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Macbeth (1970)

Courtesy of BBC

Main image of Macbeth (1970)
For Play of the Month, BBC, tx. 20/9/1970, 130 mins, colour
DirectorJohn Gorrie
Production CompanyBBC Television
ProducerCedric Messina
Script EditorRosemary Hill
DesignerNatasha Kroll
MusicChristopher Whelen

Cast: Eric Porter (Macbeth); Janet Suzman (Lady Macbeth); John Thaw (Banquo); John Woodvine (Macduff); John Alderton (Malcolm); Michael Goodliffe (Duncan)

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After hearing a prophecy that he will be crowned King of Scotland, Macbeth, encouraged by his wife, attempts to make it come true - no matter what the cost.

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Broadcast as a BBC Play of the Month, this Macbeth is very typical of the 'realistic' approach to Shakespeare long favoured by producer Cedric Messina. For all the play's supernatural trappings, director John Gorrie and his cast play it absolutely straight (the witches even have wispy beards, in accordance with the text), and Natasha Kroll's charcoal-grey sets have a solid, lived-in feel, the wood and stone scarred with age. Most of the costumes are grey too, letting Macbeth's blood-red robes stand out in every shot, implicitly betraying his crime long after he has washed his hands.

A striking feature of this Macbeth is the evident age gap between the central couple. Eric Porter was eleven years older than Janet Suzman in real life, and their make-up exaggerates this difference: when she describes his face as being "like a book wherein men may read strange matters", her own alabaster skin has no such history. This has the effect of intensifying her evident hold over him: she's still young and attractive enough to have justified ambitions, not to mention a palpable erotic hold over him: many of their more intense conversations are conducted in a clinch. Presumably not insignificantly, it is only after her death that Macbeth loses the haunted look behind his eyes - the "tomorrow and tomorrow and tomorrow" speech is uncommonly fiery and passionate, a far cry from the usual world-weary reflection.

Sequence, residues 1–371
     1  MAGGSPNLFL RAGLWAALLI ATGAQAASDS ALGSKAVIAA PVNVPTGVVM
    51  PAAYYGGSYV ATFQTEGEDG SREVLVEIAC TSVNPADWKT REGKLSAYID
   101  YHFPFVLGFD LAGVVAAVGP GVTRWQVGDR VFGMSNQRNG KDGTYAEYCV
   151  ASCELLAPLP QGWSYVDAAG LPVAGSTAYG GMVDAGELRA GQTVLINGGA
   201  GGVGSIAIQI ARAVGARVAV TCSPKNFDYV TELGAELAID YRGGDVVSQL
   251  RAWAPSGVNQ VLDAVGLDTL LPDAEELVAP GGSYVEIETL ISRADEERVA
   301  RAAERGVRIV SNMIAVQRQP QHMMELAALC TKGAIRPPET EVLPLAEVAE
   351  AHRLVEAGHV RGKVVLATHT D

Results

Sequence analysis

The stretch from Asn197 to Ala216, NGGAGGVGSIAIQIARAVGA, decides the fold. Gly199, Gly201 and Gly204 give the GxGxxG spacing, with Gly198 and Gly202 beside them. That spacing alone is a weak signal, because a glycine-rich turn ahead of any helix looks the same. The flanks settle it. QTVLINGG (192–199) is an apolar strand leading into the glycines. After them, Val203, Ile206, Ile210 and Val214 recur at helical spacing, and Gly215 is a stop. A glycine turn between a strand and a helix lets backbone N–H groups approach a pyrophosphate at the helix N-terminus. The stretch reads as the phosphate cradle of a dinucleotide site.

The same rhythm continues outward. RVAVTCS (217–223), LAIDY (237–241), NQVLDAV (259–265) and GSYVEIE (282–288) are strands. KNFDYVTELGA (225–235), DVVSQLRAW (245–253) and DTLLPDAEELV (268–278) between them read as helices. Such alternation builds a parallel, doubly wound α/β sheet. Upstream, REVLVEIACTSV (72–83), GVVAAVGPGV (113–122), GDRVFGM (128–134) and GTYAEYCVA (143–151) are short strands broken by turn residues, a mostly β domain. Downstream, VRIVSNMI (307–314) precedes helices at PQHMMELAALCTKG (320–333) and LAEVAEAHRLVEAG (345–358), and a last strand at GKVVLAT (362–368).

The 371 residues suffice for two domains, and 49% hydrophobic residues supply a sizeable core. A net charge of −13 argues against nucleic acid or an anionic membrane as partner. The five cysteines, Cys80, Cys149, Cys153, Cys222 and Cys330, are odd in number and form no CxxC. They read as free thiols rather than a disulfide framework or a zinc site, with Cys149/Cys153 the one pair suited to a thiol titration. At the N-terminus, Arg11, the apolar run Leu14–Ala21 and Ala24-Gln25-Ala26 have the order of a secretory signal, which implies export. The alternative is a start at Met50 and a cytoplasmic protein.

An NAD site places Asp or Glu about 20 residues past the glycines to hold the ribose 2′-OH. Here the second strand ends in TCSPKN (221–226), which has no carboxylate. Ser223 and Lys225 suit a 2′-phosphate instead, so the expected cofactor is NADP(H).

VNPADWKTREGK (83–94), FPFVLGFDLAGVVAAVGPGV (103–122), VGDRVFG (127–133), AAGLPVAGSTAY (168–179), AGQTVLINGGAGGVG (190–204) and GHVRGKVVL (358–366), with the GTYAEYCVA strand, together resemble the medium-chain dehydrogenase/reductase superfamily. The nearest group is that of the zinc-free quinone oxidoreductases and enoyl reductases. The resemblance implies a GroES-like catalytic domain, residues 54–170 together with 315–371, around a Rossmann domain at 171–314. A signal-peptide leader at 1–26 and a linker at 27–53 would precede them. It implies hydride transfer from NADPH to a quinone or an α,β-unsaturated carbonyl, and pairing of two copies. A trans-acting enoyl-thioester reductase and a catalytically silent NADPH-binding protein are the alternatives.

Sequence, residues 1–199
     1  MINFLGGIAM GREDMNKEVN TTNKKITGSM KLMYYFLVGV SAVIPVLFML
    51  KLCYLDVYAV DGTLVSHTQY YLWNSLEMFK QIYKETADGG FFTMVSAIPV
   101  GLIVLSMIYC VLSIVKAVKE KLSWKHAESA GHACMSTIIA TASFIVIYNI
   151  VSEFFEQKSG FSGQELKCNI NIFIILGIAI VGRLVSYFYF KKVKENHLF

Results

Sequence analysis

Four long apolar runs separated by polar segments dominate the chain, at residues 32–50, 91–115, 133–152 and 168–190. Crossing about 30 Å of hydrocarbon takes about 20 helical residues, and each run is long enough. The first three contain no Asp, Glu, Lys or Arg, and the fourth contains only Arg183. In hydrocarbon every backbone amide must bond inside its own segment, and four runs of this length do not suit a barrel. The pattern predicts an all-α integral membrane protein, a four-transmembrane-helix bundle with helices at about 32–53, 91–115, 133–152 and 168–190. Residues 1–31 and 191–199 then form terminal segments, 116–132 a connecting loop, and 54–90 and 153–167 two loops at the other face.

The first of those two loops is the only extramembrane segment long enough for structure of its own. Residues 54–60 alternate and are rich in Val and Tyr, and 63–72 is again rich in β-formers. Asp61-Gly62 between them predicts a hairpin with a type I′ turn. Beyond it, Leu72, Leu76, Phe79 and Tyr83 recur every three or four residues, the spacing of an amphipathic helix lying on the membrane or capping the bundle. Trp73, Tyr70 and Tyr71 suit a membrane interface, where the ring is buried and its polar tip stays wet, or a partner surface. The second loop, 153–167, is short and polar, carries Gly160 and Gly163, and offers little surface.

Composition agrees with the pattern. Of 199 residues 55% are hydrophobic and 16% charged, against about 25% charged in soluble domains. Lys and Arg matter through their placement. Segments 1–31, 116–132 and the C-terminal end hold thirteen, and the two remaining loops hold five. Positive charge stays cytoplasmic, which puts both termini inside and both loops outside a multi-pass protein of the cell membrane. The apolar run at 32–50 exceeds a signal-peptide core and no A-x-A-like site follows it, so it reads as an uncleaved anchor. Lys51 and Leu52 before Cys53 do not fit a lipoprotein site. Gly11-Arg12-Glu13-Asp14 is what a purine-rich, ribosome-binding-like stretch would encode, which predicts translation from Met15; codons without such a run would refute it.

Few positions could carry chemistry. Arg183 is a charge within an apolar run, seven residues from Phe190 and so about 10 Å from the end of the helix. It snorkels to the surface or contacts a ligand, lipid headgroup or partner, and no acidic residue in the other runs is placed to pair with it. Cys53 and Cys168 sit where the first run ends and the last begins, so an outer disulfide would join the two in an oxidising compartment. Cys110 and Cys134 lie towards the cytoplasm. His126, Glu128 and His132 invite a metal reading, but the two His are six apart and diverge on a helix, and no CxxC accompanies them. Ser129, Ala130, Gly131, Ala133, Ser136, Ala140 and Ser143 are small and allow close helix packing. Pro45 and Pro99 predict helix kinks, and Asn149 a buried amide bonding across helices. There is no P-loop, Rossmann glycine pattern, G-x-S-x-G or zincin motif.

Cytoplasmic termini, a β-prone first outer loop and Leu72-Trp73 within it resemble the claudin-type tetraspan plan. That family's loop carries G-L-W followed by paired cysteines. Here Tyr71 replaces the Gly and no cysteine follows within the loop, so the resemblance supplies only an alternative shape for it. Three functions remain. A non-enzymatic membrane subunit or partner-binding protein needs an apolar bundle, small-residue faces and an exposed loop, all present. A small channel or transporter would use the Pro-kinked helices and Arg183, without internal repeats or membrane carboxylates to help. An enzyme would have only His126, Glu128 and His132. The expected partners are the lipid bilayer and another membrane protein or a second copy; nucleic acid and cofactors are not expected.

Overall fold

A strong supporting cast includes John Thaw as Banquo, John Alderton as Malcolm and John Woodvine as Macduff: the latter dominates the final act, with his fury at hearing of the massacre of his family only assuaged when he not only produces Macbeth's severed head but gleefully impales it on his sword, like the victim of a medieval execution.

This is a relatively short Macbeth, thanks largely to the cast's rapid delivery and Gorrie's brisk direction. Though this has had the unfortunate side-effect of rushing some key scenes (Lady Macbeth's sleepwalk being a case in point), it leads to an impressive intensity in the final combat scenes with their almost cinematic cross-cutting - despite the retention of virtually all the text. If it ultimately lacks the visual flair of the Roman Polanski film (1971) or the overwhelming power of Trevor Nunn's RSC production (preserved by ITV in 1979), this Macbeth is nonetheless an ideal production for beginners - which may well have been Messina and Gorrie's intention.

Michael Brooke

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Video Clips
1. The prophecy (2:47)
2. Night's black agents (4:10)
3. Macduff's secret (4:28)
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